Like sunlight slanting through branches, bars of music filtered through the fragrant boughs of the Redwood Glen Camp outside Loma Mar last week. One for each key on the piano, 88 young music lovers flexed their musical skills.
It was the fifth annual Jam Camp West, where youth ages 10 to 15 gathered from July 21 through 27 for immersion in music and dance including jazz, funk, blues, hip-hop, beat box or turntable.
Classes were taught by professional musicians and topped off by a performance for family and friends.
“I liked the variety of things you get to learn and the opportunities they allow students to get here,” said Lauren Bang, 13, of Piedmont, during a break in percussion class taught by Jason Ewald. “And the food’s really good.”
Jam Camp, a creation of the Oakland-based nonprofit Living Jazz, reaches out to youth from all racial and economic backgrounds. Much of the music is taught by ear in multiple daily workshops, and there’s also time for team sports or splashing in the big pool.
Counselors and teachers include alums like Charles Simon, 17, of Berkeley, a Jam Camper at 13 who hopes to teach drumming.
“I want to give kids a passion,” he said. “This gives them a whole different outlook on life in general.”
“What happens here is magic, really,” said Deborah Knapp, who co-produces Jam Camp with Stacey Hoffman. “Music is not the end of what we do at all. It’s the common bond that draws children here.”
There’s no judgment, just support and collaboration, said Hoffman. “What they experience here is in spite of the challenges of time and the worlds these kids come from. It’s a loving, caring, gentle place.”
A stroll through scented Redwood Glen groves is like touring today’s music and the youth playing it.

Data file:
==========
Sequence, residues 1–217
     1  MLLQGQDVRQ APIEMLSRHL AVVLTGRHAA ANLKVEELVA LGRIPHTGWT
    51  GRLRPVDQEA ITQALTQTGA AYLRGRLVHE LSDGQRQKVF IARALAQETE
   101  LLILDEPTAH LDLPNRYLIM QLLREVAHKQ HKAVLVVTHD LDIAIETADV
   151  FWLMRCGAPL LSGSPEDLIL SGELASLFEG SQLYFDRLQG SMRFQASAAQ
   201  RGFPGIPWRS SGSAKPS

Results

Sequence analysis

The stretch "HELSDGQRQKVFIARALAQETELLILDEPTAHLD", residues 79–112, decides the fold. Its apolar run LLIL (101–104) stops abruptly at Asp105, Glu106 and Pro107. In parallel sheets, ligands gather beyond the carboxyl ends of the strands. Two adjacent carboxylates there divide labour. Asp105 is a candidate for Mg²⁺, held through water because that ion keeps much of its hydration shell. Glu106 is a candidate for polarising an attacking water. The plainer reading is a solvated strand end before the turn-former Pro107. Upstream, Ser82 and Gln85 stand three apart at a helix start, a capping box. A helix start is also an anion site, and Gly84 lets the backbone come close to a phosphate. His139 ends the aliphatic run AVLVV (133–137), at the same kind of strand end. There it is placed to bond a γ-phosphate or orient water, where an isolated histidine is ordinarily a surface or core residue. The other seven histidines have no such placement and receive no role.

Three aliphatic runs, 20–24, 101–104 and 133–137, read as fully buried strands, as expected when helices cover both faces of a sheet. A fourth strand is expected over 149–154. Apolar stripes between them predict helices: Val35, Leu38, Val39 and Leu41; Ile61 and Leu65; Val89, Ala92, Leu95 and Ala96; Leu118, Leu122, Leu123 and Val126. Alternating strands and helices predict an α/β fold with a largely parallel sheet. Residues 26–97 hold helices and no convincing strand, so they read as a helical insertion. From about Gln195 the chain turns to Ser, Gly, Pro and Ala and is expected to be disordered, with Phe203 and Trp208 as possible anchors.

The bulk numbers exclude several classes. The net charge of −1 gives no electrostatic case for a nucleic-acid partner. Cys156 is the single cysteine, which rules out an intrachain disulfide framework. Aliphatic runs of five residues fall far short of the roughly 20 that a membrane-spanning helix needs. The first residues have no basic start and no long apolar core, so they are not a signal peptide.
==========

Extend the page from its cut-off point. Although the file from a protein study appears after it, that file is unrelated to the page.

Under one tent, seven students gathered around a ring of steel drums as instructor Mark Rosenthal guided them in tapping out rich-toned melodies. On the shady amphitheater stage, 14 students follow instructor Josiah Woodson in creating a textured jazz sound.
“They’re feeling the importance of making the creative arts an important part of life, getting a sense of connection through music,” said Hoffman, as “Angel of the Morning,” heartfelt with guitar, drums, bass, sax and clarinet, rose into the trees. “They’re using music as a commonality because they’re diverse.”
Ewald presided over students getting a handle on cowbells, congas or bongos, making syncopated sounds with the “shekere” or gourd shrouded with beads, or strident beats with claves.
“I thought this would be a cool, fun and exciting experience,” said Cooper Knutson, 11, of Washington.
Along with the Bay Area kids, two students came from Israel, one from France and one from Wyoming.
Lilienne Reinhardt, 13, from Ashland, Ore., brought her love of jazz dance to Jam Camp for the second year. Buddies Milan Barranco, 14, of San Leandro, who learned about Jam Camp from her piano teacher, and Nina Bridges, 12, of San Francisco, who learned of it from her grandparents, respectively enhanced skills in singing and drumming.
Under the redwoods nearby, “Sing It!” instructor Valerie Troutt led nine students through multiple harmonies. “Tomorrow’s going to be like magic, like a flash mob,” she told them. And nearby, Trelawney Rose led her students through the appealing folk tune “Hallelujah.” “That’s awesome you guys!” she called out encouragingly.
As they sang, “When The Saints Go Marching In” floated through the trees from yet another direction.